A similar picture taken a few years ago through my copilots windscreen, inspired me to write a story for the March 2009 issue of AIRWAYS MAGAZINE titled DOOLEY'S DOWN. AIRWAYS editor John Wegg generously allowed me to reproduce it on my website, so I'm sure he wont mind if I post it here too. This view reminds me of early pioneers that I've been privileged to have known who flew the North Atlantic in DC-3's for the Air Transport Command. From Presque Isle Maine to the Outer Hebrides Islands in Scotland, this little band of Northeast Airlines pilots flew DC-3's as low as 1,000 feet with no electronic navigation to speak of. Dead reckoning for hours at a time, shooting the stars if they were lucky enough to have a clear view, while I sit comfortably at FL 330 drinking coffee. These are the pioneers who hoisted me on their shoulders to be here today.

One more look at Greenland before I leave the cockpit for my break.

Here's a clear view of our position on our North Atlantic Plotting chart. Do you see where the vertical line intersects our track near 45 degrees west longitude? That's our present position at the southern end of Greenland. That vertical line represents a 180 minute ETOPS (Extended range Twin engine Operations) position built from Reykjavik, Iceland and Goose Bay Labrador. You can just see Reykjavik in the upper right hand corner of this photo.

As usual, thanks very much for joining in as we cross the beautiful North Atlantic enroute from Frankfurt to Detroit, but it's time for Steve to return to duty and for me to slip into  the crew bunk for 2 hr 35 min and rest up for the landing. 

Aufwiedersehen, bis spater, 



  1. nice post rand!
    sounds like you enjoyed the rhein-main area, did you get time and crew rest to try "handkäs mit music" or a good "äbbelwoi"?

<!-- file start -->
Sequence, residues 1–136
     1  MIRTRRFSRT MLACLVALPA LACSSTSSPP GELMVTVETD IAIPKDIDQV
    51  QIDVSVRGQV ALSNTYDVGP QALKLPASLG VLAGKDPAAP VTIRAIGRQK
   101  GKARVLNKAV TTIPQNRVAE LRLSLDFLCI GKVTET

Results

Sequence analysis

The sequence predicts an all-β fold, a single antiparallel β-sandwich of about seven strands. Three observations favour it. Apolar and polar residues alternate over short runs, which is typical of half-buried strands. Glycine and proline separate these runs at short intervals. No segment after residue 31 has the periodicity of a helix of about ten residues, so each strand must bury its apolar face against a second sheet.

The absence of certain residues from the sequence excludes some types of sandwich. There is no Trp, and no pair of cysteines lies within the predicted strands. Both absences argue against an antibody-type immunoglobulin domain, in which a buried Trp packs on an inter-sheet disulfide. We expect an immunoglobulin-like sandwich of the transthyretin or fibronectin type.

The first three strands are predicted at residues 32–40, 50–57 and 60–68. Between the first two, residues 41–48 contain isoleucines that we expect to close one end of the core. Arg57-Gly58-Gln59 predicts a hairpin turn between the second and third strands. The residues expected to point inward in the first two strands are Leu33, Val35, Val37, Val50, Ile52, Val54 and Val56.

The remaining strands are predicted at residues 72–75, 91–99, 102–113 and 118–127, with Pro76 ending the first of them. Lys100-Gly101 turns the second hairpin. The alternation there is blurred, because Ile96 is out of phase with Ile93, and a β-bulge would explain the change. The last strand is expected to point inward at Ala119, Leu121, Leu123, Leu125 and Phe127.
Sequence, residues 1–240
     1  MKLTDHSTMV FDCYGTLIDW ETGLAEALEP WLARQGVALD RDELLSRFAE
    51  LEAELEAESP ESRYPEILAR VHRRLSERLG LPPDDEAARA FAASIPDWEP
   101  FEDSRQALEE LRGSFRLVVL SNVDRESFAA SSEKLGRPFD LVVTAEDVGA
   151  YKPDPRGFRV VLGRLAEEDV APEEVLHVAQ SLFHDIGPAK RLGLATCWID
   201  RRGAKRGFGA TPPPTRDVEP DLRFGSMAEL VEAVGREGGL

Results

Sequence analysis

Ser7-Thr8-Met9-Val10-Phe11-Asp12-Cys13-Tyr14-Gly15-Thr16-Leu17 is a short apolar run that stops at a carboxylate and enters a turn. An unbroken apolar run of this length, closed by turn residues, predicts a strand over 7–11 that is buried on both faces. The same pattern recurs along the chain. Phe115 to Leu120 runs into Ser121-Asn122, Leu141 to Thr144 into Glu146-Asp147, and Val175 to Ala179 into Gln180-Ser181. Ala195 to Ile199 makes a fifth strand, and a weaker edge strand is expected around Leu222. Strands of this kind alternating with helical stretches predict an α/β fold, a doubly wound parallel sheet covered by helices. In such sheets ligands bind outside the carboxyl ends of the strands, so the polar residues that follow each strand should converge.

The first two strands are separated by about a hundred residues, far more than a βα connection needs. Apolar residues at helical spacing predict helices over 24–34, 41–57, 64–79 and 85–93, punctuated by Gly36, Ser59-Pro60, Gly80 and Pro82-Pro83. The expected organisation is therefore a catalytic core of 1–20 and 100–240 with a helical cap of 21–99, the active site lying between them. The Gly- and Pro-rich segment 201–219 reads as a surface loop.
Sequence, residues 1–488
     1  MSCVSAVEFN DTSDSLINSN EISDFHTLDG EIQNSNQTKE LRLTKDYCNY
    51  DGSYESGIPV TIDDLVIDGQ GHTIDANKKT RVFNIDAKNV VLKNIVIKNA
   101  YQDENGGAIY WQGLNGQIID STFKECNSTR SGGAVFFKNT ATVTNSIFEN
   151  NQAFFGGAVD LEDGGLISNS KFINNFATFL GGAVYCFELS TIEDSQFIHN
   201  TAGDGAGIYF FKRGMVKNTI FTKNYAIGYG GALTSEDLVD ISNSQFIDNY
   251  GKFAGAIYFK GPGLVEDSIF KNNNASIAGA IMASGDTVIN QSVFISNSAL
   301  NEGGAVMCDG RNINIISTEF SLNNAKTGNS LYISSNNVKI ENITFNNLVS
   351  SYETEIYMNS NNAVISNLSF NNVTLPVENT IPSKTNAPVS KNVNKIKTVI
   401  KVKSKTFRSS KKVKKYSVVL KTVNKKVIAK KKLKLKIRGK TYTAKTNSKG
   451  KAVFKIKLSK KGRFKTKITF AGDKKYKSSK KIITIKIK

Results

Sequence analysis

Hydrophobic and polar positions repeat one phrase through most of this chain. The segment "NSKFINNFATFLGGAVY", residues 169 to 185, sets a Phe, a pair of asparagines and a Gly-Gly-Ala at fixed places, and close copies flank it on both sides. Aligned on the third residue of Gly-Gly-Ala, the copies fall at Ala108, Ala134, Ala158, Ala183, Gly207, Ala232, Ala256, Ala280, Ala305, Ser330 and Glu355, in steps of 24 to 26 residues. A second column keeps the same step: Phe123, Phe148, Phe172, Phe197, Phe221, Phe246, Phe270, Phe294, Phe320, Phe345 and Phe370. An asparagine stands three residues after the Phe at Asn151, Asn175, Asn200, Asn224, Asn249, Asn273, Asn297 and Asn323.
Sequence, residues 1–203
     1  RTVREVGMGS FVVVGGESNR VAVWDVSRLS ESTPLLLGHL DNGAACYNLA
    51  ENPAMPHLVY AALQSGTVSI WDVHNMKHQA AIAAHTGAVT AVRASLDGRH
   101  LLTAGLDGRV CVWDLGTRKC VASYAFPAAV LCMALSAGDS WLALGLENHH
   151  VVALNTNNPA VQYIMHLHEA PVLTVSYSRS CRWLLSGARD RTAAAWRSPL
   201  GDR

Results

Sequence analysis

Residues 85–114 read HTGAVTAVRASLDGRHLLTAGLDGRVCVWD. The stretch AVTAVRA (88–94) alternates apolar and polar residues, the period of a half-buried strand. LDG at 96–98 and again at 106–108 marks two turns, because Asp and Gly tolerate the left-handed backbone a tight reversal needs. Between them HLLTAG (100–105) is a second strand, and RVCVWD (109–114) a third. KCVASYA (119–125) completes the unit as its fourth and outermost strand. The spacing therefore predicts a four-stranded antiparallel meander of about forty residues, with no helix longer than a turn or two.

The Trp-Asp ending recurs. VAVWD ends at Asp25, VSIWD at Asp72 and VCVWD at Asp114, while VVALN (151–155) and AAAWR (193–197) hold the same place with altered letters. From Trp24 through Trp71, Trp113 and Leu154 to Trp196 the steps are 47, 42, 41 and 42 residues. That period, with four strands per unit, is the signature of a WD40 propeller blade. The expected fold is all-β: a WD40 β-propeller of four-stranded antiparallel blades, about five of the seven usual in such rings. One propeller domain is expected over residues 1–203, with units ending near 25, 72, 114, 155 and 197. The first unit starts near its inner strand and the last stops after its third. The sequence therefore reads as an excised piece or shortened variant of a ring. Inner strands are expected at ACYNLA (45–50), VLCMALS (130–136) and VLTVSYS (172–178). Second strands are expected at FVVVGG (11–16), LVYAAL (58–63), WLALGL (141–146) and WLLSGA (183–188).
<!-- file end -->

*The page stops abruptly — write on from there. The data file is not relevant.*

best regards

  2. Hi Rand,
    Thanks for another great post,well worth the wait. Also thanks for the link to the 24-hour world air traffic depiction. It's amazing how much traffic there is and how it flows back and forth like the sands of an hour-glass. Can you expand on the use of the Hard-Stand system? Do you go from there to a gate for boarding or are passengers transported out to you like they do at IAD?


    Tim G in MN

  3. Excellent post! Huh, I learned a lot too, and haven't heard of CPDLC until just now. Maybe I'll have a chat with our fleet manager, but then again, we don't fly the NATS like you do. We only use Selcal to BDA and down in the Caribbean.

    Fly safe,


  4. Rand,
    Another great post! Thanks for the lengthy detail and, as always, the great pictures!

    I was at FRA the first time I saw an A340 in person, and my first thought was, "What a beautiful aircraft!" Always been a Boeing fan at heart, at least for modern jetware, but you've gotta give the Airbus folks credit for turning out one good-looking plane in the A340.

    Thanks again!

  5. Thanks Capt. Rand, always enjoy your posts. How about some pictures of the crew rest area?

  6. Many many many thanks to Cpt. Rand from Carpi (MO), Italy.

    It's always a great pleasure to read your cockpit report!

    Happy landing,